CACHE COUNTY, Utah, Nov. 13, 2017 (Gephardt Daily) — Jason Whittier, the former handler of a K-9 that died after being left in a hot patrol truck, was sentenced to probation and community service Monday.
The former Cache County deputy pleaded guilty in the death of his K-9 officer Endy.
Whittier appeared in First District Court on Monday morning and was sentenced to six months in jail. The jail time was suspended as long as Whittier abides by the terms of his plea deal, which includes serving 100 hours of community service, the judge said.
Back in July, the District Attorney’s Office initiated the criminal case against Whittier in connection with the death of Endy.
Whittier faced one count of aggravated cruelty to an animal, a class B misdemeanor, according to a statement released by the Cache County District Attorney.
Whittier contacted his division commander on July 3 upon discovering the canine in his patrol truck, the Cache County Sheriff’s Office said in a news release.
The handler was immediately placed on administrative leave in accordance with Sheriff’s Office protocol.
Upon being notified, Sheriff Chad Jensen requested two investigations: an independent investigation through the Northern Utah Critical Incident Task Force conducted by a third party, and a sheriff’s office administrative internal investigation.
“The internal investigation identified that policy and procedures were not followed resulting in the tragic death of Endy,” the department’s prepared statement said.
Jensen said his administration has conducted a comprehensive review of the canine program, including equipment, care, welfare, daily maintenance and training.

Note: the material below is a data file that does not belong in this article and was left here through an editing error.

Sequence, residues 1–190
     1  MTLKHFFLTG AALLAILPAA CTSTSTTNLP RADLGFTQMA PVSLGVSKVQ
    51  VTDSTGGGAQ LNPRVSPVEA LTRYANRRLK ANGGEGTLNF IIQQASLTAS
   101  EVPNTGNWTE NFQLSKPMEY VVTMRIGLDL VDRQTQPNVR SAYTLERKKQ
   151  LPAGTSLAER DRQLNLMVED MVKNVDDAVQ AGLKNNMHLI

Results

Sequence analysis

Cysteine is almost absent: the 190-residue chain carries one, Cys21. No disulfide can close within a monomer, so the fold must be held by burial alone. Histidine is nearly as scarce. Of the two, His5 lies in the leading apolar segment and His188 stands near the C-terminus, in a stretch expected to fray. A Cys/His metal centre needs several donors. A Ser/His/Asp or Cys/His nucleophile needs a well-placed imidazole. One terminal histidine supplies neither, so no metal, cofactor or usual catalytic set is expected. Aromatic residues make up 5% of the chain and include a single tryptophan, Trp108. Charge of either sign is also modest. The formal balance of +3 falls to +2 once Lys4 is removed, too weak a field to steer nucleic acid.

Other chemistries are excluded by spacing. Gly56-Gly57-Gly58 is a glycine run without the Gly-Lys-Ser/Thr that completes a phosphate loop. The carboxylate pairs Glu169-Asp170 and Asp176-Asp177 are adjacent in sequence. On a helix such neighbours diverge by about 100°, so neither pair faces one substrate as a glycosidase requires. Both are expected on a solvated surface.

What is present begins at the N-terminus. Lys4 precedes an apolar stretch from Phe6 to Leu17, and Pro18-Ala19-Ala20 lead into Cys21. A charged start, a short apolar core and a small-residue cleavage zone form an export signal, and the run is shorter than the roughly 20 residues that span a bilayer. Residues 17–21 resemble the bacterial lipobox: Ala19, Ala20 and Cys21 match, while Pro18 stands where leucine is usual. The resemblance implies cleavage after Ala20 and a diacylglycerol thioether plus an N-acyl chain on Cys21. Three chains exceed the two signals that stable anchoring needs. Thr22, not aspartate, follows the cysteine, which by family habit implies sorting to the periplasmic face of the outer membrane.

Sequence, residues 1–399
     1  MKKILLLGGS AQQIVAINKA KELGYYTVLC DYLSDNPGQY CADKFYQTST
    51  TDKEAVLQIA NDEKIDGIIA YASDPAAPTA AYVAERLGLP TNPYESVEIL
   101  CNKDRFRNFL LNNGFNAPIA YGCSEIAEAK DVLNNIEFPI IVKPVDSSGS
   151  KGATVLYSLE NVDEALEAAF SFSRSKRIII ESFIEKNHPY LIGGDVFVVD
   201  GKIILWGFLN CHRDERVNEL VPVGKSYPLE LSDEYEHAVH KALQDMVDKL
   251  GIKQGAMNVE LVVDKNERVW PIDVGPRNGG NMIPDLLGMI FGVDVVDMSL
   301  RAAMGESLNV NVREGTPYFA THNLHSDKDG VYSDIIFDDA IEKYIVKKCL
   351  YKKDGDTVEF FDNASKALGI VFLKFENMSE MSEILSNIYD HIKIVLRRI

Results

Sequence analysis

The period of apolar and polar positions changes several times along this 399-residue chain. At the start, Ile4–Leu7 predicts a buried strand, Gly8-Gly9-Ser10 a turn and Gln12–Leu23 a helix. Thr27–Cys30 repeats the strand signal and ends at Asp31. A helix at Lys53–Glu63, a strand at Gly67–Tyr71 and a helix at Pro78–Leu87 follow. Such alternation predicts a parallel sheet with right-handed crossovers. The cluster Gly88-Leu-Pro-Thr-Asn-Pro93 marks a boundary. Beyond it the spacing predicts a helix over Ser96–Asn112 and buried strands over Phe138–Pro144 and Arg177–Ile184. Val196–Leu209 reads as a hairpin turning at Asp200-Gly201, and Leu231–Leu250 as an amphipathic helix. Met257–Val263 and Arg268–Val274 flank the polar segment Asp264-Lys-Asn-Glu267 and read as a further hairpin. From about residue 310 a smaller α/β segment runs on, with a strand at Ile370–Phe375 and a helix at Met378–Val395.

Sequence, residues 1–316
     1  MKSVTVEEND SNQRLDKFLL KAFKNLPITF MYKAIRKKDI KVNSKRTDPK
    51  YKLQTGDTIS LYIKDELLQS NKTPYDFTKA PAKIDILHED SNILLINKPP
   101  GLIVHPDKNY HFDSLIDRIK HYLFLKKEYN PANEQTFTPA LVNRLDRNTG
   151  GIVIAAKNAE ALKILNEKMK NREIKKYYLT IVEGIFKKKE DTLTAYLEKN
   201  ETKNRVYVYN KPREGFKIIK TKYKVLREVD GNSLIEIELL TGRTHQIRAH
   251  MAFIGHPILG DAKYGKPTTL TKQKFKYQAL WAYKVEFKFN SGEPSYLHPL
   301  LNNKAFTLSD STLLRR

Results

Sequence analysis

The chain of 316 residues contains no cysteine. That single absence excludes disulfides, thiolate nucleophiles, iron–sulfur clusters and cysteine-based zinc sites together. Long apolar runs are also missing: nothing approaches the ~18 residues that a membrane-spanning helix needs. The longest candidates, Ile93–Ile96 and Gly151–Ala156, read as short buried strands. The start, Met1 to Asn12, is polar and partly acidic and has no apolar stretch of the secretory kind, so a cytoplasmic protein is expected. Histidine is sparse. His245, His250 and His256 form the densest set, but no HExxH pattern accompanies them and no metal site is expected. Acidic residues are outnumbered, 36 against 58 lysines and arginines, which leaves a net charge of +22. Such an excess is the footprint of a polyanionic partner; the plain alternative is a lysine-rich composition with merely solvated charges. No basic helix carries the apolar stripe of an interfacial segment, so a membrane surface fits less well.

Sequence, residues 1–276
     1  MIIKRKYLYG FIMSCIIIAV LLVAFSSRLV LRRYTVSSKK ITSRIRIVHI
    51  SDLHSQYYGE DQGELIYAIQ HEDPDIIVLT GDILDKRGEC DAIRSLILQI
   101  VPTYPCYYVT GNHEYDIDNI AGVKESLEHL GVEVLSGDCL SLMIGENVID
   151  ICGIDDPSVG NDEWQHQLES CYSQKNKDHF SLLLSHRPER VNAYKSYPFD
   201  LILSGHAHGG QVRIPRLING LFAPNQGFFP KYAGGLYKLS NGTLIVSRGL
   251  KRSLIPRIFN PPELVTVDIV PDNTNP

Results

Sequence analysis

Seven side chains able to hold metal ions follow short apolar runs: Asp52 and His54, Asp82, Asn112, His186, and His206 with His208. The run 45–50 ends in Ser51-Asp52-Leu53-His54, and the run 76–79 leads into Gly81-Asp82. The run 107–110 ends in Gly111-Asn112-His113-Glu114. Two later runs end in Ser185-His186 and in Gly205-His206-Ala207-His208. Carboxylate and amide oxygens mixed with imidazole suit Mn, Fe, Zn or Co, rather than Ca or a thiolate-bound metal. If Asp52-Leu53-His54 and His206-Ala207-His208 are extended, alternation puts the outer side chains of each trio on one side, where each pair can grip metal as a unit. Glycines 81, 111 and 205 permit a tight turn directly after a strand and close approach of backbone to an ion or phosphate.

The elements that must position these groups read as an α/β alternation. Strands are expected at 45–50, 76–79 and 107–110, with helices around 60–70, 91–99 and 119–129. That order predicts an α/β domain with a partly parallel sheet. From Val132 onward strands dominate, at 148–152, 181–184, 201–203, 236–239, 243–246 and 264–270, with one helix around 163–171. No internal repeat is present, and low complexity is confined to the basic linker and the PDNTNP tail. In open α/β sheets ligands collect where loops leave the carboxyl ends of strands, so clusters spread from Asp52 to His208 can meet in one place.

“I believe our policies and procedures are sound,” he said in a prepared statement. “This incident was a result of human error and protocol violation.”
Jensen said all K-9 patrol vehicles have been proactively equipped with safety features to protect canines while handlers are on duty and vehicles are left running.
As a result of Endy’s death, officials are pursuing new technology wherein K-9 units will be equipped with end-of-shift warning systems. Handlers will be forced to manually shut down the security system, and this system will give verbal warnings to the handler to remove the canine from the vehicle.
If not manually shut down, the system will activate horns, lights, and sirens until the canine is removed safely.
“While this is a significant loss and setback to our K-9 program, over time I am confident we will move forward with a stronger and more effective canine program that will continue to be an incredible asset and resource to our community,” Jensen added.
“This tragedy serves as a stark reminder to never leave children or animals alone inside of a car for any amount of time, as temperatures can quickly rise to a deadly level,” said Tony Baird, Cache County Attorney’s Office chief deputy, in a prepared statement.
Whittier is due back in court Feb. 12 for a restitution hearing.